MORE than 25 per cent of all cigarettes in the area are either illegal or bought abroad, an investigation has found.
Retailers say it is having a huge effect on businesses as people are easily able to pick up black market cigarettes from pubs and market stalls.
The investigation by MSIntelligence, backed by cigarette manufacturers British American Tobacco, Imperial Tobacco, Japan Tobacco International and Philip Morris International, looked at discarded cigarette packets in The News area shows that, year-on-year, the amount of bootlegged, smuggled or counterfeit cigarettes is rising.
Amanda Howard is the owner of D&B Whites newsagent, in North Street, Havant.
She said: ‘It has a massive impact on retailers.
‘At the moment you can walk into any pub or market and buy cigarettes. People come back from abroad with suitcases loaded up and sell them in shops and pubs.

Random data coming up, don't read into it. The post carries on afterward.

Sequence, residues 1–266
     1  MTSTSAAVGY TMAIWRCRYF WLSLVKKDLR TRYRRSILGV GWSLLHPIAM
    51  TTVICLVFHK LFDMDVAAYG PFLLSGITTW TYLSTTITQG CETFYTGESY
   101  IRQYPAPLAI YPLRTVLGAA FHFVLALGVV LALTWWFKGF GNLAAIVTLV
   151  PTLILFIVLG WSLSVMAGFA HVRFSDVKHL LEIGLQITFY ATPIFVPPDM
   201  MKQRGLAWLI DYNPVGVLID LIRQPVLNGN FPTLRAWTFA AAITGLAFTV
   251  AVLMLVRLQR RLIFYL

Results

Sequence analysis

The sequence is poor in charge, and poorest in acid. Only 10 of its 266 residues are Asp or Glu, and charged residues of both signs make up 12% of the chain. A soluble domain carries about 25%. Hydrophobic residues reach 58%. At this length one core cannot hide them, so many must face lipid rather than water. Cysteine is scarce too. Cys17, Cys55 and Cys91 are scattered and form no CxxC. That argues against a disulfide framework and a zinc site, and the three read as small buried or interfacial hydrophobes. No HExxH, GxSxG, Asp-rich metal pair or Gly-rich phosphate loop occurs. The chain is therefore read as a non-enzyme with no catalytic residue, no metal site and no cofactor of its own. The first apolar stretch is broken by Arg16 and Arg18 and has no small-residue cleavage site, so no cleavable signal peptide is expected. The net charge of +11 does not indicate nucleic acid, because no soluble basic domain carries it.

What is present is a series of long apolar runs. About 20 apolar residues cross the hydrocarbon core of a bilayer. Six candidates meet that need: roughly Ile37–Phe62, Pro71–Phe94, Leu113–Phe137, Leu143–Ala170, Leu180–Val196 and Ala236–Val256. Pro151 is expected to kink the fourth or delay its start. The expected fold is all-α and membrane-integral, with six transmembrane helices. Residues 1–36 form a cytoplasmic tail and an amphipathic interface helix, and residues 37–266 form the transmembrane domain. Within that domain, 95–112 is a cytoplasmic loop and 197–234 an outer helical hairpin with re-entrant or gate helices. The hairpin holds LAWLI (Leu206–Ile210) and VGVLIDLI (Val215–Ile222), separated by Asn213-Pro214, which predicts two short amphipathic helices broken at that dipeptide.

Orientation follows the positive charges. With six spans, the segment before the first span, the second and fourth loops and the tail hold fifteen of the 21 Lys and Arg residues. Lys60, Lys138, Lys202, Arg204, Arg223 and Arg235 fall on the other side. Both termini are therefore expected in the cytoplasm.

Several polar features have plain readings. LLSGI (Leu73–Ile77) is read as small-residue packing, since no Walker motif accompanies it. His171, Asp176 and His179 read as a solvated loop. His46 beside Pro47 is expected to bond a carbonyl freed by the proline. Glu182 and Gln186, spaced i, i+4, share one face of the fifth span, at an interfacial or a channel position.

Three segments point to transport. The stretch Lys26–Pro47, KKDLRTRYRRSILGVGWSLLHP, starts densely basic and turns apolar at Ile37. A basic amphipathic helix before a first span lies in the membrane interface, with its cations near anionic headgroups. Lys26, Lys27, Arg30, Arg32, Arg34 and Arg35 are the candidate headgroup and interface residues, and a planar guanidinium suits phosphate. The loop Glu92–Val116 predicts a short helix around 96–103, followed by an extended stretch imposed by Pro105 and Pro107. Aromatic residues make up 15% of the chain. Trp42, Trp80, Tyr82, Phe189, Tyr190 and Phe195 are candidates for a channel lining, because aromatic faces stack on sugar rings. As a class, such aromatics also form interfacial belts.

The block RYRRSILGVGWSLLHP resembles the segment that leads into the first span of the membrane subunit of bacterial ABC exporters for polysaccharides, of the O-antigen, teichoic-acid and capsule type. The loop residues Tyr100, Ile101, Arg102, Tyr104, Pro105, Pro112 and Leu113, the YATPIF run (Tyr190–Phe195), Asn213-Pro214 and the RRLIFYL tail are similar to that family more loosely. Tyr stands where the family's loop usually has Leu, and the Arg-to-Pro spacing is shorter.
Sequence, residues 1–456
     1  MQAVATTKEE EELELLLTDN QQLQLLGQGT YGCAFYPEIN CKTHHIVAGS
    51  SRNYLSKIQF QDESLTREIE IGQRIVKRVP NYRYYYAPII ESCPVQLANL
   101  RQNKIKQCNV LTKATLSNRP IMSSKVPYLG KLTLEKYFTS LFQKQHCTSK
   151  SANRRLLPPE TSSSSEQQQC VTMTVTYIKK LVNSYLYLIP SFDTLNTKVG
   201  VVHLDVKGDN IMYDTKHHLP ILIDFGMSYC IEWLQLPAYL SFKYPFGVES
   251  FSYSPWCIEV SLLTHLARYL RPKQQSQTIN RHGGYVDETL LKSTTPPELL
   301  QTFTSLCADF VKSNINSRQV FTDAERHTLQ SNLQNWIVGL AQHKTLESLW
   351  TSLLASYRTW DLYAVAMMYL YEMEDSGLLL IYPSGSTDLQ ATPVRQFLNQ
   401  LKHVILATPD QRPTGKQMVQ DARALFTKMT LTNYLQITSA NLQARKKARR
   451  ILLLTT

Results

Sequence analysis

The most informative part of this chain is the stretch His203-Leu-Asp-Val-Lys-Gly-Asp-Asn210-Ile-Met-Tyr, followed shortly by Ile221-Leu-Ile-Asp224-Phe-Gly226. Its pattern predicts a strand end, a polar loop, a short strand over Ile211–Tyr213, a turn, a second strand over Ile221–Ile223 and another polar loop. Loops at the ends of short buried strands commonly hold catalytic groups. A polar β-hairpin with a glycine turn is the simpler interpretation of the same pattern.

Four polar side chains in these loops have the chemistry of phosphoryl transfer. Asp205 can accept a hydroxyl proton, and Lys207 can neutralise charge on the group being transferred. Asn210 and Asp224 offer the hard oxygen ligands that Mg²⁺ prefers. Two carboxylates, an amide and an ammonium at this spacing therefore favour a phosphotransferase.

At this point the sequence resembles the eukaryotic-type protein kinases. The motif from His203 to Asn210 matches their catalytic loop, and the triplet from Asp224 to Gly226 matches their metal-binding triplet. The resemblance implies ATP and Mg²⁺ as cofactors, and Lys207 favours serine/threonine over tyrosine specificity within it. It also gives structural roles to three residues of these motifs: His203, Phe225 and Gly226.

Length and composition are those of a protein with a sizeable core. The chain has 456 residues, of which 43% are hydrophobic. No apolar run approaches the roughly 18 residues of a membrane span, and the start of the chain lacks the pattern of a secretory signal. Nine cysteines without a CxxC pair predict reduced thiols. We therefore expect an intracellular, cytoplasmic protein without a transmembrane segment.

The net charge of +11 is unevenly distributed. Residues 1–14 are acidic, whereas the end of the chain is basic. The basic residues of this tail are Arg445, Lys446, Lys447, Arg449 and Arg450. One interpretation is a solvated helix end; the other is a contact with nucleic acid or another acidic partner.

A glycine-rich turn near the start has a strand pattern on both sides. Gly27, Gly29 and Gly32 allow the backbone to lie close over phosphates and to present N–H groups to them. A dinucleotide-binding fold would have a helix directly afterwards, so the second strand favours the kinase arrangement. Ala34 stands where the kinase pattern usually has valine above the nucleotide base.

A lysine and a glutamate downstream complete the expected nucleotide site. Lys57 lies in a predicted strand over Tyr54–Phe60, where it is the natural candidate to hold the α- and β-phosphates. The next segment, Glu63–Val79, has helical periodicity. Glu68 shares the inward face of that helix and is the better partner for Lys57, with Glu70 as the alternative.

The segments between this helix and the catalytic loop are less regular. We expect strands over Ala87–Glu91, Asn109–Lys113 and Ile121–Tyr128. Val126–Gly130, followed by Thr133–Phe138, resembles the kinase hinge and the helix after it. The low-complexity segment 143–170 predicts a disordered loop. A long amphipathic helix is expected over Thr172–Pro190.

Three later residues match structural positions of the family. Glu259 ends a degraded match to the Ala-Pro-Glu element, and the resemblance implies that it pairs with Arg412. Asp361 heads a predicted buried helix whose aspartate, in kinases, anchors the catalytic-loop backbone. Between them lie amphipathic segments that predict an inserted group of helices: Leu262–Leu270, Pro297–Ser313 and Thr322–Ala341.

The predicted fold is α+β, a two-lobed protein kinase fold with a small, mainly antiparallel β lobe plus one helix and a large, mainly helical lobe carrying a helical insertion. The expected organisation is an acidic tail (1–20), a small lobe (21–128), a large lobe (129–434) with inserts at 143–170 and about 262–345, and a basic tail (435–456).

‘One bloke came in with a load of cigars he’d got abroad and didn’t want and asked me to swap them for cigarettes.
‘I explained we don’t do that sort of thing. We have people trying to sell to us regularly. I tell them, “this is my business and I only make five per cent as it is”.
‘We know when someone has come back from abroad with cigarettes to sell because, for a week, our sales will fall dramatically.’
The survey, which in total looked at 12,700 packets in 105 cities (an average of 120 packets per city) shows 25.2 per cent of all packs in Portsmouth and 32.4 per cent in Waterlooville are either illegal or purchased outside of the UK
Across the south east the figure is just under 25 per cent which means almost a quarter of all cigarettes smoked in the region contribute nothing to the exchequer.
The figures do not include hand-rolled tobacco. HMRC estimates as much as half of UK consumption comes from the black market.
Will O’Reilly, who conducted the research, said the money from illicit cigarettes funds organised crime, gun crime and terrorism.
He added: ‘The widespread availability of illicit tobacco has a devastating impact on our local communities.
‘It not only undermines legitimate retailers but leads to a knock-on effect in local crime generally, such as we have seen before with street dealing in drugs and how that can devastate a community.’